Packed with enough jokes and visual inventiveness to get around the corporate feel, this follow-up to Little Women is a vibrant treat
How do you make a movie about a toy feel like a real piece of cinema instead of just a two-hour commercial? Even with The Lego Movie providing a blueprint back in 2014 (basically to just pack the thing with jokes), it’s a question that Barbie no doubt faced an uphill struggle to answer. Thankfully, and somewhat predictably given her previous two barnstorming films, Greta Gerwig has proven more than up to the task, bringing Barbie to life in a story that, with a few obvious corporate interventions aside, is witty, funny, ambitious, and, yes, very, very pink.
We start in Barbieland, a world built out of all the various toy Barbie playsets, where our heroine – “Stereotypical Barbie” (Margot Robbie) – lives her dream life in her Dream House, spending her days with various other Barbies, all holding high-powered positions as presidents and doctors and Nobel Prize winners, basking in feminist perfection. It’s an idealised world that Gerwig feels well-suited to, gently mocking the Barbies’ optimistic naivety while also just having a blast with the scale and style that the pastel-coloured environments allow her to play with.
Barbieland looks great, silly and plastic while also being suitably grandiose, though the visual wow factor does take a hit once Barbie departs for the Real World, where Gerwig’s style honestly feels a little muted. Plagued with thoughts of death and discovering new imperfections about herself, it turns out she’s being brought low by the negative feelings of her owner Gloria (America Ferreira) and needs to head to the human world – LA, to be precise – to fix things. And so, accompanied by her loyal friend Ken (Ryan Gosling), so begins Barbie’s grand adventure.
In our reality, Barbie and Ken learn about the patriarchy, a system the overlooked-and-resentful-about-it Ken seeks to emulate back in Barbieland, which lets Gerwig and co-writer Noah Baumbach get the requisite shots in about How It Is To Be A Woman. While these big speeches are effective enough, they aren’t a match for similar moments in Lady Bird and Little Women, on the nose in a way that seems designed more to fit into a meme-able screenshot than say anything very new.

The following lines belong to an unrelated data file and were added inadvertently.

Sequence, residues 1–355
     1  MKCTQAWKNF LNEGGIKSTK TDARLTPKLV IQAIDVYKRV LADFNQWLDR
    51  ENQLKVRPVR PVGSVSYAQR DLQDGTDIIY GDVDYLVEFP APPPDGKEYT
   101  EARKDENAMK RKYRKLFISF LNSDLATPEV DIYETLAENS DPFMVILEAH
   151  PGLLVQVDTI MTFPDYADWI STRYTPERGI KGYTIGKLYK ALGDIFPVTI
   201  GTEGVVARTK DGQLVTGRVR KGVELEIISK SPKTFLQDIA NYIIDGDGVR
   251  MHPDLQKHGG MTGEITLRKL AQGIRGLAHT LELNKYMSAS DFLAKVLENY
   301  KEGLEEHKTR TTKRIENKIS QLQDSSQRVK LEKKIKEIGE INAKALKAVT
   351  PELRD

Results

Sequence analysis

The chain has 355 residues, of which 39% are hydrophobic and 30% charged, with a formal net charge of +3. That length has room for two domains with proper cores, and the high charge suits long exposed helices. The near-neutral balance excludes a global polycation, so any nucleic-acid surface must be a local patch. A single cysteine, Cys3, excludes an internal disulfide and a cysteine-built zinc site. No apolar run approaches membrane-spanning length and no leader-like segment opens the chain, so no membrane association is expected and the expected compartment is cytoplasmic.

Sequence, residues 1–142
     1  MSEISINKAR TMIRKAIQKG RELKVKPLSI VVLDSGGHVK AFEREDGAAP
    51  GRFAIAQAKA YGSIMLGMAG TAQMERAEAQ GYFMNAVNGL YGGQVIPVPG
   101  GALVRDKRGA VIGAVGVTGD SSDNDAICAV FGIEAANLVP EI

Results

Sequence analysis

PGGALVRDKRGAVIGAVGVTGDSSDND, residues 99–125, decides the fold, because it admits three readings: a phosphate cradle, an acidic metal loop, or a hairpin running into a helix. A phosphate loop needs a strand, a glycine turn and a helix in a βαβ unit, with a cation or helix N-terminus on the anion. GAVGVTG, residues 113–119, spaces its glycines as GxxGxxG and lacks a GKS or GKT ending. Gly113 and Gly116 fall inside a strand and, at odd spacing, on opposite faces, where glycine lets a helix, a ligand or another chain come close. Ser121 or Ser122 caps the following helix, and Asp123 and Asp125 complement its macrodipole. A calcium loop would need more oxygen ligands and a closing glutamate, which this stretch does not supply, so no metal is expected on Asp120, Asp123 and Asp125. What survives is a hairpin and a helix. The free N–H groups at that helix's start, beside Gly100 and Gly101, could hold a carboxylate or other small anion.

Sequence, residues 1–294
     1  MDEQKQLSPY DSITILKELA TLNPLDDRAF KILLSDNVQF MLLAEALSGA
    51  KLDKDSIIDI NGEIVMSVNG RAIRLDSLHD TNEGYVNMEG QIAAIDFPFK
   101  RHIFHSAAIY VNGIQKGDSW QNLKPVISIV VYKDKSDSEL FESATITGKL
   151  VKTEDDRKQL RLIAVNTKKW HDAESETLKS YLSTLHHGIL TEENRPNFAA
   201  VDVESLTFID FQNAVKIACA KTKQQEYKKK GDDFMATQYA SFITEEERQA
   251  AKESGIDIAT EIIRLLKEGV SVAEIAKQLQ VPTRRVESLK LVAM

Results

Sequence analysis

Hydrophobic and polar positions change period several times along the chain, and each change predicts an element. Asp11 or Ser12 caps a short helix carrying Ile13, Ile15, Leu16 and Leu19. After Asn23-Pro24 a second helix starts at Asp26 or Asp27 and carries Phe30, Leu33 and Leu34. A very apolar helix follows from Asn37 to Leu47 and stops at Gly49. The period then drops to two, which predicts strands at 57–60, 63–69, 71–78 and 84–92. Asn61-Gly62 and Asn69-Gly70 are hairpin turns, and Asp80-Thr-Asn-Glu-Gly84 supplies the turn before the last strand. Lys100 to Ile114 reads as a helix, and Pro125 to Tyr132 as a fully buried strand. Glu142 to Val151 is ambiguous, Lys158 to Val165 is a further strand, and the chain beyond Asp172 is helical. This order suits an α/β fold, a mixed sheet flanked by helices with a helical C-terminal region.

What is much more impactful, then, is Barbie’s sense of humour (often making the same points as the monologues but in a much punchier format). It’s one of 2023’s funniest films, especially in Gosling’s performance. Everyone in the remarkably stacked cast is great here (with the possible exception of a very superfluous-feeling Will Ferrell as the head of Mattel), from Robbie’s half-goofy, half-tragic turn in the lead to the various other Kens and Barbies, but it’s Gosling who truly shines, Ken’s inherent ridiculousness allowing him to steal the show.
He’s hysterically funny throughout, the most entertaining he’s been since The Nice Guys, especially in a couple of climactic musical numbers towards the end. It’s in these numbers that Barbie is at its very best, lifting it from simply good to a great time at the movies (showing off the sublimely kinetic direction that made Gerwig’s Little Women such a masterpiece), and I found myself wishing the whole film had fully committed to being a musical, to take full advantage of its catchy music and montage-heavy storytelling.
In recent weeks, Gerwig has made clear her ambition to be a director of Big Studio Movies and, on this evidence, she is more than qualified, balancing corporate directives with vibrancy, great jokes, and a real sense of scale and movement. Barbie might, inescapably, feel like a filmmaker “selling out,” but if we could all sell out with this sort of verve and skill, then who the hell wouldn’t?
Barbie is released in UK cinemas on 21 July.Where to watch